On appeal from Superior Court of New Jersey, Law Division, Bergen County.
Michels, Gruccio and D'Annunzio.
The issue is whether the voluntary dissolution of a corporate lessee, after the valid assignment of its rights under the lease, constitutes a breach of the lease entitling the lessor to a judgment of possession.
On July 28, 1954, plaintiff, as lessor, leased a one-acre lot to defendant, Alstores Realty Corp. (Alstores) for a 99 year term. The lease was for an annual rent of $10,500 for the first four
years and $12,600 per year for the next 95 years. The lease does not contain a rent escalator clause. The lot is located in Paramus, N.J. and has frontage on State Highway Route 4. It is now part of a valuable retail center known as the Bergen Mall.
Section 11.01 of the lease provides:
Section 11.01. Tenant shall have the right at any time and from time to time, without the consent of Landlord to assign this Lease or to sublet the Demised Premises or a part thereof. Notwithstanding any such assignment or subletting, or any further assignment or subletting, and notwithstanding the acceptance of rent by Landlord from any assignee or subtenant, Tenant shall remain liable for the payment of the rent reserved herein and for the performance of all of the covenants and conditions on the part of Tenant to be kept observed and performed.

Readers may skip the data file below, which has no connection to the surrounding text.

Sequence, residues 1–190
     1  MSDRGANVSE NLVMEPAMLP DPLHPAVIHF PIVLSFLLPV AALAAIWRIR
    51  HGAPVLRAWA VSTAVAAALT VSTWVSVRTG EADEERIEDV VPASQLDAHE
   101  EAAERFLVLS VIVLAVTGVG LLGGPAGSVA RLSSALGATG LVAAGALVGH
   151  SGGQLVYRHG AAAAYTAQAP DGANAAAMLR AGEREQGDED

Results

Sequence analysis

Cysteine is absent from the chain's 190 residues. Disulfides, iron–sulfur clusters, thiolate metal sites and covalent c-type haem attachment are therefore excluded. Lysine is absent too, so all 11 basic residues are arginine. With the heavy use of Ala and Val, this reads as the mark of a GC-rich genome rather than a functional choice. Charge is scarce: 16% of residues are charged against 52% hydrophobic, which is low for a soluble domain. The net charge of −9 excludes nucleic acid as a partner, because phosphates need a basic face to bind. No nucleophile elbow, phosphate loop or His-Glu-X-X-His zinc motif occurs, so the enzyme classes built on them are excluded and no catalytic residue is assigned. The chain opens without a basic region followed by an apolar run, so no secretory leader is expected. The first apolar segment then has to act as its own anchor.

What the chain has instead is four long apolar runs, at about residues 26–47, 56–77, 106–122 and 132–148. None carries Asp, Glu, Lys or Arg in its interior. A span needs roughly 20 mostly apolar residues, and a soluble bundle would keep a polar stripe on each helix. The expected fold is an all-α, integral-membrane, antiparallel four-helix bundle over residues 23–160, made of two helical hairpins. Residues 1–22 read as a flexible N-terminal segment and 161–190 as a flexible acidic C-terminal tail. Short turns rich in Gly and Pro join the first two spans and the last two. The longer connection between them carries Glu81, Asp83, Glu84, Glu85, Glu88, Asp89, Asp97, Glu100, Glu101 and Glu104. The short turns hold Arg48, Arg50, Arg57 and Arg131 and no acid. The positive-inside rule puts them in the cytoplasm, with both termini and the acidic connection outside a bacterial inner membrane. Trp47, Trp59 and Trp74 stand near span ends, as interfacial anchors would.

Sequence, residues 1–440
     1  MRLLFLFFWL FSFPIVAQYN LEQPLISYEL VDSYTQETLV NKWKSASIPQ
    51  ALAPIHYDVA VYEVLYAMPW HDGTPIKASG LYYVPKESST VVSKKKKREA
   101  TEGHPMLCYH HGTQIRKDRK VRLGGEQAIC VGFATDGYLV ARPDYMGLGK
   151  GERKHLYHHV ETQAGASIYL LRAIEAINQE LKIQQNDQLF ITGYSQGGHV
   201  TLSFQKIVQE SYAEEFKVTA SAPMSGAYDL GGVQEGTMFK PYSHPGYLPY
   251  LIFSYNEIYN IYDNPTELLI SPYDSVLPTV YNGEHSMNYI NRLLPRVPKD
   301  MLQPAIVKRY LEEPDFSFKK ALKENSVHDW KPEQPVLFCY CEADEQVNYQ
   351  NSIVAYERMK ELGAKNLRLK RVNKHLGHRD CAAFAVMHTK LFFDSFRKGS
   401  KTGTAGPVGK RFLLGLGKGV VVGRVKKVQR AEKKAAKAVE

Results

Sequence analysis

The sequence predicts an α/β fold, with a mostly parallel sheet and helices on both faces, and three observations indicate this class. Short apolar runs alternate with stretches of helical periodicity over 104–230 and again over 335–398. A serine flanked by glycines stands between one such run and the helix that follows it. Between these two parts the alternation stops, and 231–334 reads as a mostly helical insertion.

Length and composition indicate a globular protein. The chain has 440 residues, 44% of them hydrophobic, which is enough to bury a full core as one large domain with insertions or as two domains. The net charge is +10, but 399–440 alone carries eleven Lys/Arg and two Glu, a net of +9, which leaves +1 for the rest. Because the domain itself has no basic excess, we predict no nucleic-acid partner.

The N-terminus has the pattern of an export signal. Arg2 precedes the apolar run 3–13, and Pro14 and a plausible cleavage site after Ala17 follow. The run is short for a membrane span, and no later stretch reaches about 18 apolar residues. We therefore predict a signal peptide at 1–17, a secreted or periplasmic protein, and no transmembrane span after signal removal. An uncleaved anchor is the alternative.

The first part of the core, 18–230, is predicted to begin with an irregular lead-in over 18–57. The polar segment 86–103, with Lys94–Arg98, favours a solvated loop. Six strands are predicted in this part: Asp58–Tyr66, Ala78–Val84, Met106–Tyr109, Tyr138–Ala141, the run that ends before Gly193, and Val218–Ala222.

Alstores was a subsidiary of defendant Allied Stores Corporation (Allied). On or about December 31, 1986, all of the outstanding stock of Allied was acquired by an indirect subsidiary of Campeau Corporation (Campeau) known as Campeau Acquisition Corp. (CAC). Since Alstores was a subsidiary of Allied, ownership of Alstores stock also passed to Campeau. After a series of transactions involving numerous corporations, Allied was restructured. According to Joseph Calandro, Jr., Senior Vice President of Allied:
Alstores was dissolved and its assets and corresponding liabilities were distributed to those CAC subsidiaries holding Alstores stock at the time of its dissolution in a manner consistent with new management's plan of operation for the restructured Allied.
Among the . . . CAC subsidiaries which received Alstores' assets upon dissolution were two Delaware corporations, known as CAC IL, Inc. (subsequently known as Bergen Mall I, Inc.) and CAC L, Inc. (subsequently known as Bergen Mall II, Inc.). Each of these corporations received an undivided [50%] interest in the assets and assumed the corresponding liabilities (including the obligations under the plaintiff's lease) in the Bergen Mall.
In order to facilitate the ultimate sale of Bergen Mall, which was contemplated at the time of the restructuring, the assets and liabilities of Bergen Mall I, Inc. and Bergen Mall II, Inc. were contributed to a partnership known as Bergen Mall Partnership on December 31, 1986.
On December 30, 1986, Alstores executed a series of documents which resulted in it being divested of all of its assets,
including the Bergen Mall. These documents, a "Deed and Assignment of Leasehold Interests," and "Assignment and Assumption of Lease," provided that Alstores real estate interests in Bergen Mall, including its lease with Sadie Kelly, were conveyed directly to Bergen Mall Partnership ...